Tremendous entertainment, and much improved from the Edna Ferber/George S. Kaufman play, a dramedy set in-and-around a ladies’ theatrical rooming house (57 W. 58 St.) bursting with wisecracks, a story you can get behind, sentiment, tragedy & triumph; plus a not-to-be-missed all-star cast of characters that includes Katharine Hepburn, Ginger Rogers, Adolphe Menjou, Eve Arden, Lucille Ball, Jack Carson & Ann Miller, all in top form. After setting up the house vibe (horseplay/auditions/comradery/lamb-stew), undersung director Gregory La Cava (just off MY MAN GODFREY/’36) brings on Hepburn’s rich society gal, out to give acting a try against her father’s wishes and mingle with the hoi polloi. A real rara avis, but also the real thing, as becomes apparent once she lets her guard down. For Hepburn, it’s the rare sympathetic role where she isn’t pulled off a pedestal to win us over, instead pulling everyone up. The film is something of a feminist slant on one of those Howard Hawks’ manly group unit pics (think ONLY ANGELS HAVE WINDS/’39 or AIR FORCE/’43), right down to the rattling pace and dialogue with everyone talking over each other. But what a difference in the range of women La Cava lets in compared to Hawks’ fixation on tall, lean androgynous types with smoky voices. La Cava’s camera style is also less static, fluid, even showy when needed. With a script loaded with sassy comebacks & situations that remain screamingly funny, and dramatic twists clever enough to move & surprise, it’s one of the champs from Hollywood’s Golden Age.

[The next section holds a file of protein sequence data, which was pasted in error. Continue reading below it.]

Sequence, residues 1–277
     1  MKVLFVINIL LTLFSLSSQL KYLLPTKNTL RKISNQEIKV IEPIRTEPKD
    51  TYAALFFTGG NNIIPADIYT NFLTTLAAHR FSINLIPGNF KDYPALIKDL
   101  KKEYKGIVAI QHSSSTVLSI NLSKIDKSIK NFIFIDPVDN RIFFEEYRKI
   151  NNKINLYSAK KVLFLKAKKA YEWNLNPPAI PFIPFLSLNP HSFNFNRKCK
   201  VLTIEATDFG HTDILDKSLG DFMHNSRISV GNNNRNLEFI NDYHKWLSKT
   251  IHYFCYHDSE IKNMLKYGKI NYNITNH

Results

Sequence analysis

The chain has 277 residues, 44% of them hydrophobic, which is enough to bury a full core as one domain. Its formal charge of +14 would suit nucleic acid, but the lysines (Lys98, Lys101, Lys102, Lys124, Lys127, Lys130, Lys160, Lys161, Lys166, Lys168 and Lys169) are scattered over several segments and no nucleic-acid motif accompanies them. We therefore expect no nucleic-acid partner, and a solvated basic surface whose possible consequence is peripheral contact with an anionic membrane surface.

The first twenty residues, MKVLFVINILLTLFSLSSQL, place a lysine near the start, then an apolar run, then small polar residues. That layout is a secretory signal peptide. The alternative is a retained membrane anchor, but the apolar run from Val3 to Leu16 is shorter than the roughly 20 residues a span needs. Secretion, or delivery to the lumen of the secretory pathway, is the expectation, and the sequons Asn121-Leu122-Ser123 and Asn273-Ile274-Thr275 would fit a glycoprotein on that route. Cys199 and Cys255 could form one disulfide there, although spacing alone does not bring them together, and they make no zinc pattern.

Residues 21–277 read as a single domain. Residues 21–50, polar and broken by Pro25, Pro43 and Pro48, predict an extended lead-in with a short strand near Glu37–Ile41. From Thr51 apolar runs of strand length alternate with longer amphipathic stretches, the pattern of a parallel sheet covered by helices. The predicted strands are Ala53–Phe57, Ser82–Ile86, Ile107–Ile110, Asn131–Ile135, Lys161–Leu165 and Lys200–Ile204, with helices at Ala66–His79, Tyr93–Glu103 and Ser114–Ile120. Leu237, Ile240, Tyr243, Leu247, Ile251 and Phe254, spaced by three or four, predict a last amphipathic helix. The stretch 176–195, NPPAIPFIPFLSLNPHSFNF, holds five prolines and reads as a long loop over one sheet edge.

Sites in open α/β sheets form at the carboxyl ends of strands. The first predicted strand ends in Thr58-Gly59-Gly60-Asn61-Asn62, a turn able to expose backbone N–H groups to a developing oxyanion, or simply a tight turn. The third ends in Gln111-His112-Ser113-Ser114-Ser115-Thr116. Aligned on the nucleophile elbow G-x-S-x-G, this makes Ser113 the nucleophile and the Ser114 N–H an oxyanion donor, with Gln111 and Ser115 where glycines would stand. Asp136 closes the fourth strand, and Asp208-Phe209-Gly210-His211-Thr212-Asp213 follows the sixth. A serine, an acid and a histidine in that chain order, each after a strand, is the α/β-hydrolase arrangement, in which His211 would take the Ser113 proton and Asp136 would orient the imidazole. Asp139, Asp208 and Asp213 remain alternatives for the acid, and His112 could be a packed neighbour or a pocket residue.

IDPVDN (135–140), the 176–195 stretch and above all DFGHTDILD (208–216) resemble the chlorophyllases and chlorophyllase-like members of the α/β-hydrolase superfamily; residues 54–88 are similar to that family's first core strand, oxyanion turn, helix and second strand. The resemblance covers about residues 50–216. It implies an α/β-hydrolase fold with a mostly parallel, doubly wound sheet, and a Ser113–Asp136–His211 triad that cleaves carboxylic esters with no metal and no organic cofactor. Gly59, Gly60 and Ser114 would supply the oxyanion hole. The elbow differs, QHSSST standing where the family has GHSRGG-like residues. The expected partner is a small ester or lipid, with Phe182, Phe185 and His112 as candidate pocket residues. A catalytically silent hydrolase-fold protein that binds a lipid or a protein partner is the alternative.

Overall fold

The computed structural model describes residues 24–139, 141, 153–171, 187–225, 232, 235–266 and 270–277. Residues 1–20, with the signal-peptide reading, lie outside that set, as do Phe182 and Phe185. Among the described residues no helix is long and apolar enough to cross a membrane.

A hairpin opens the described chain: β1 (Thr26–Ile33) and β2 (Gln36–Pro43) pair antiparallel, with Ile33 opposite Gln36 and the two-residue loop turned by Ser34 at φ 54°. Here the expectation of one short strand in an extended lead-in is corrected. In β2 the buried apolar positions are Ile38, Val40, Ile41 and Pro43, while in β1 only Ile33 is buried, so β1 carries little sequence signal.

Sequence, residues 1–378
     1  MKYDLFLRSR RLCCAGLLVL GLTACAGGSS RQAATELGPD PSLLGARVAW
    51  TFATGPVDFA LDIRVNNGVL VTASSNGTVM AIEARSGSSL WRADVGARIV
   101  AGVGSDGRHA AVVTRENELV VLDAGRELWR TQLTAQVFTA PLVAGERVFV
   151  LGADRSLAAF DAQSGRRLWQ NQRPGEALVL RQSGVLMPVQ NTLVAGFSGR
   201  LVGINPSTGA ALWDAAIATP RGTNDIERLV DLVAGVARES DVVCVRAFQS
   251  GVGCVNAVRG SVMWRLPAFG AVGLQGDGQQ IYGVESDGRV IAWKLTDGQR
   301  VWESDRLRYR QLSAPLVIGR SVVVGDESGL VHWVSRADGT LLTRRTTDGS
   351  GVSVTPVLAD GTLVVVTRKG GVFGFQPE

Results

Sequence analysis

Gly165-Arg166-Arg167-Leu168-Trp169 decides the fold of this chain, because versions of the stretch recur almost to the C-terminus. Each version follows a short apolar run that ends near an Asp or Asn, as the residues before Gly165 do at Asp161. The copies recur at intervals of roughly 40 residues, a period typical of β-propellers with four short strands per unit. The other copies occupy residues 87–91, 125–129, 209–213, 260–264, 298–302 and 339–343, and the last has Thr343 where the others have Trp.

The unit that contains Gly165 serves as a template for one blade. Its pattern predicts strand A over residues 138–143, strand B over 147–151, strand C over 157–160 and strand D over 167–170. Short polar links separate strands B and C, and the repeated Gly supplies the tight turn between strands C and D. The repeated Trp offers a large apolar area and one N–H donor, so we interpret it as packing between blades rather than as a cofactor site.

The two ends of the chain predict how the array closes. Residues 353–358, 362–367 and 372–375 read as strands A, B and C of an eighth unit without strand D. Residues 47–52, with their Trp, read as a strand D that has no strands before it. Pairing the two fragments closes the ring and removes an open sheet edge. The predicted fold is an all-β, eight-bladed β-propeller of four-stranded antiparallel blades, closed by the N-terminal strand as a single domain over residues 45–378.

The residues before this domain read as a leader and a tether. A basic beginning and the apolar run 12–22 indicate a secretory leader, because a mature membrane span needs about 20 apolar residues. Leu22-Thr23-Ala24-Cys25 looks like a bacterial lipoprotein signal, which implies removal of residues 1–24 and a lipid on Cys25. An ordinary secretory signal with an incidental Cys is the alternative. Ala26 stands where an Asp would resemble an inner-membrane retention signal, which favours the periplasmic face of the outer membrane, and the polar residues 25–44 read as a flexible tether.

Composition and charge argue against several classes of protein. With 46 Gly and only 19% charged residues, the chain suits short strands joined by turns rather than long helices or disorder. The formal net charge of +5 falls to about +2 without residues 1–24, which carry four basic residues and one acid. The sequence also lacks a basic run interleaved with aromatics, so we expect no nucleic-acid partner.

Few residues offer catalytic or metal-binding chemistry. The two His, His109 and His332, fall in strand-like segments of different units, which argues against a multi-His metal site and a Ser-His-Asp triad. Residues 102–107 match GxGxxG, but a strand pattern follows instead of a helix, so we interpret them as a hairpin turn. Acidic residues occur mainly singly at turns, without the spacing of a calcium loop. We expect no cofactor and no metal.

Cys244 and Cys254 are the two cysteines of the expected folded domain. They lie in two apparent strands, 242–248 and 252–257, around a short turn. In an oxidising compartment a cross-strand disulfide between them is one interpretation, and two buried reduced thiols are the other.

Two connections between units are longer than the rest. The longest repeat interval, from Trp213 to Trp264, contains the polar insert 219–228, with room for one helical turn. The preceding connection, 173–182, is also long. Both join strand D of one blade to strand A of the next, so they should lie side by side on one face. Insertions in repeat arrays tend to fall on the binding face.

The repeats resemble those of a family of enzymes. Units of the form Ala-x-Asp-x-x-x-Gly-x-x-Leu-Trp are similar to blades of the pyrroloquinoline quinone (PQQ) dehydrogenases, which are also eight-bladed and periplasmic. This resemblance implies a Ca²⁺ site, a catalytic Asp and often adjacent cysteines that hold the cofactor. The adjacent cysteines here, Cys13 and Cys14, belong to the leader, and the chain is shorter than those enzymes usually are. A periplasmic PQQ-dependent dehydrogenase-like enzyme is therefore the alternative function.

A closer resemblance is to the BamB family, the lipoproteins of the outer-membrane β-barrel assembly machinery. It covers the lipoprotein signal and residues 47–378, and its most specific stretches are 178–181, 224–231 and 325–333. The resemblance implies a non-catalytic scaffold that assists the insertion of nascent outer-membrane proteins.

DOUBLE-BILL: Hepburn followed up with BRINGING UP BABY/’38 and HOLIDAY/’38, two classics that inexplicably flopped badly enough to send her to B’way for a comeback in THE PHILADELPHIA STORY/’40.